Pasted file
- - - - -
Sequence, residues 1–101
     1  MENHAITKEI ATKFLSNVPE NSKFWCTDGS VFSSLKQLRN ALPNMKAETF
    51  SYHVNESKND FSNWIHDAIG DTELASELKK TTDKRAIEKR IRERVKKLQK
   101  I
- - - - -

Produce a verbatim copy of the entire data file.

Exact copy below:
Sequence, residues 1–101
     1  MENHAITKEI ATKFLSNVPE NSKFWCTDGS VFSSLKQLRN ALPNMKAETF
    51  SYHVNESKND FSNWIHDAIG DTELASELKK TTDKRAIEKR IRERVKKLQK
   101  I